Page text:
Jantar Mantar

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We toured a collection of nineteen architectural astronomical instruments built by the Kachwaha Rajput king Sawai Jai Singh in 1734. A Unesco World Heritage site,  Jantar Mantar features the world’s largest stone sundial. This photo shows the observation deck of the vrihat samrat yantra (the world’s largest sundial)

With the instruments you can observe astronomical positions with the naked eye. The observatory demonstrates Ptolemaic positional astronomy which was shared by many civilizations.

 

#India

 

 

Bahai Temple

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One of our tours in New Dehli was the Bahai House of Worship, also known as the Lotus Temple. This was completed in 1986 and serves as the Mother Temple. CNN reported it as the most visited building in the world in 2015 with perhaps 4 million visits per year.

There appears to be over 2 million Bahai worshipers in India at this time. We managed to get in just as they were finishing a service. The singing was quite sublime.

I am not sure most would agree with the following statement, but some of the research shows that the growth of the Bahai Faith in India has been greatly assisted by the recognition of Krishna as a Messenger or Manifestation of God, alongside Jesus, Muhammad, Zarathustra and Baha u llah himself.

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#india #bahai

Technology wants to be friends!

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Hit the road Jack and don’t you come back
No more, no more, no more, no more
Hit the road Jack and don’t you come back
No more

 

Ray Charles

 

Generally, technology provides certain expected benefits. Other benefits appear totally unexpected.  As an early adopter of technology, I tried using an automotive navigation system a couple of times. Driving in a large unknown city can be intimidating, so I like to have some gentle guidance on where to go. Anything more than this level of guidance causes my frontal cortex to freeze up. As you know, numerous people ended up in rivers, lakes and oceans simply following navigation system directions with no further frontal cortex involvement of their own.

 

For example the WAZE application allows you to avoid traffic tie-ups, but it expects you to think about what you are doing. Their terms of reference includes the following exclusion;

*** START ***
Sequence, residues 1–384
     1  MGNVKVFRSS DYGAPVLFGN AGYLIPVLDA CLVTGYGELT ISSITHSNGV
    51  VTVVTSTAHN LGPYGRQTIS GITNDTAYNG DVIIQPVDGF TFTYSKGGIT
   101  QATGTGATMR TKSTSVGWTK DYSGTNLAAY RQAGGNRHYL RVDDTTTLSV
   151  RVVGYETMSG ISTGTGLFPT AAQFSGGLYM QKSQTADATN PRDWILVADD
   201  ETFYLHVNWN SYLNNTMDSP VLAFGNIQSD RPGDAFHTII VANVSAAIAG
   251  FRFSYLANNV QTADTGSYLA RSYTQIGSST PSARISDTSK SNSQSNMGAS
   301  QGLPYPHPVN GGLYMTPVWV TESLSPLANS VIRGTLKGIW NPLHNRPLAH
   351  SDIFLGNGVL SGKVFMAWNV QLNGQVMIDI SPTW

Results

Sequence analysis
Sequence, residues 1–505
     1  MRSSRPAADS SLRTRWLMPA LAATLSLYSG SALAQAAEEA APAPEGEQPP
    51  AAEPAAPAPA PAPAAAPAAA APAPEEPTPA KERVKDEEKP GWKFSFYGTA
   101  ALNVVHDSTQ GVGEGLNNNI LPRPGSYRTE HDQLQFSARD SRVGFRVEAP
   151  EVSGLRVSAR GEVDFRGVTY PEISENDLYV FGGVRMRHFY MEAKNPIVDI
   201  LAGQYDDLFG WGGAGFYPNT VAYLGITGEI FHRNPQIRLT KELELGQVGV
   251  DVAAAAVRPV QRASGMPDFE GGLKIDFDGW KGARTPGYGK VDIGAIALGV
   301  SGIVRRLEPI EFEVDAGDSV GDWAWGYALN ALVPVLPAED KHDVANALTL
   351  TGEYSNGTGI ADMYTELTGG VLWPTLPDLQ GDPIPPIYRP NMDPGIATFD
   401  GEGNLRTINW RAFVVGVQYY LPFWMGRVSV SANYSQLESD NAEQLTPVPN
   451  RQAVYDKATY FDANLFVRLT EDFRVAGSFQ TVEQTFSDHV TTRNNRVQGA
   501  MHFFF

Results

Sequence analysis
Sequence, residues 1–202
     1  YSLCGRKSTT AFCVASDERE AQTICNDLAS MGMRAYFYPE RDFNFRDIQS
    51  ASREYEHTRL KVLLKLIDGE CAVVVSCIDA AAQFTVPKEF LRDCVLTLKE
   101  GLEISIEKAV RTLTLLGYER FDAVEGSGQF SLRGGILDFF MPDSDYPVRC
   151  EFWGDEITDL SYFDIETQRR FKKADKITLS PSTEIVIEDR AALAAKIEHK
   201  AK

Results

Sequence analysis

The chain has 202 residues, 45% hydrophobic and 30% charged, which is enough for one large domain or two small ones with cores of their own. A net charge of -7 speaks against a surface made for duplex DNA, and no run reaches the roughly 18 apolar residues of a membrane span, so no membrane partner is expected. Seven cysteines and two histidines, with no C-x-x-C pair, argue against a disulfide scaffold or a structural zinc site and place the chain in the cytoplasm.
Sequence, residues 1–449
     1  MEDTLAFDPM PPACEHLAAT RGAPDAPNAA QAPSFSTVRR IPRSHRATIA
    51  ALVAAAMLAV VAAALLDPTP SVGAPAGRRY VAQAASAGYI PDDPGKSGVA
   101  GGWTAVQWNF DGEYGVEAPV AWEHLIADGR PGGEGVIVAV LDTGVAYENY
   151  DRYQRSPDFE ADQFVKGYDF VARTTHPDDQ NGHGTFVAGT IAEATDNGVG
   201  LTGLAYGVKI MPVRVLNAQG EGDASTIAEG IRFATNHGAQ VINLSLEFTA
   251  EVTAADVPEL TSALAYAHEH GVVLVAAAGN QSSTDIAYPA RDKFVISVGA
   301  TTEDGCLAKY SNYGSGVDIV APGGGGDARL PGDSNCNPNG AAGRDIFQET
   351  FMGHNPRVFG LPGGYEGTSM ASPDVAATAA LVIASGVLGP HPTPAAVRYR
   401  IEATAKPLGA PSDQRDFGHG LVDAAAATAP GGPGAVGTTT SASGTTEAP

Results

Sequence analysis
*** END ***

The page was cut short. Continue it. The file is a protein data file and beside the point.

You agree and acknowledge that you assume full, exclusive and sole responsibility for the use of and reliance on the Service, and you further agree and acknowledge that your use of or reliance on the Service is made entirely at your own risk. You further acknowledge that it is your responsibility to comply with all applicable laws (including traffic laws) while using the Service.

 

I rented a car in Toronto along with a nurturing navigation unit without even a cursory review of the terms and conditions. I find the street layouts somewhat intimidating. Where I come from, whenever you have a street, with an overpass on top, iced with a further freeway on top of that, I believe myself in a futuristic metropolis.

 

The rental agency gently explained how the global positioning system (GPS: godforsaken poor sap) worked. I later sat in the car while the system accessed the satellites. I believed that they could have been talking, planning or eventually scheming about how they intended to take over the world, starting with me.

 

My propensity to allow an authority figure to tell me what to do becomes a factor here. I expressed a bit of free will and left the parking lot before the GPS managed to access its cabal of satellites. The cement parking lot seemed to block access. I will remember that for when the machine apocalypse finally comes.

 

The unit gave me a choice of a nurturing female voice or a big brother type of male voice. I went with the female voice thinking that I would need more understanding while driving in the big city. The GPS “Gennie” located its conspirator satellites and told me to continue driving forward. Any sort of takeover requires complicity in the subject, so I started to relax. Gennie’s female voice softly directed me to drive downtown and gave me fair warning of upcoming exits, merging highways and veering lefts or rights. She comforted me and appeared to be on my side.

I followed her directions to the letter and found myself between a series of pylons and within an area exclusively for trains. She continue to console me by saying how close I was to my destination. I eventually found an exit to this apparent train trap.   The machines showed their cleverness. But just not clever enough.

 

Time heals all wounds apparently. Rather, stupid never learns. I rented another Gennie when I flew to the west coast. The Victoria airport is at the tip of a peninsula and you have to travel south for 20 miles before you can eventually travel north up the island. I thought with no rail lines around and no stacked concrete freeways, I would be relatively safe.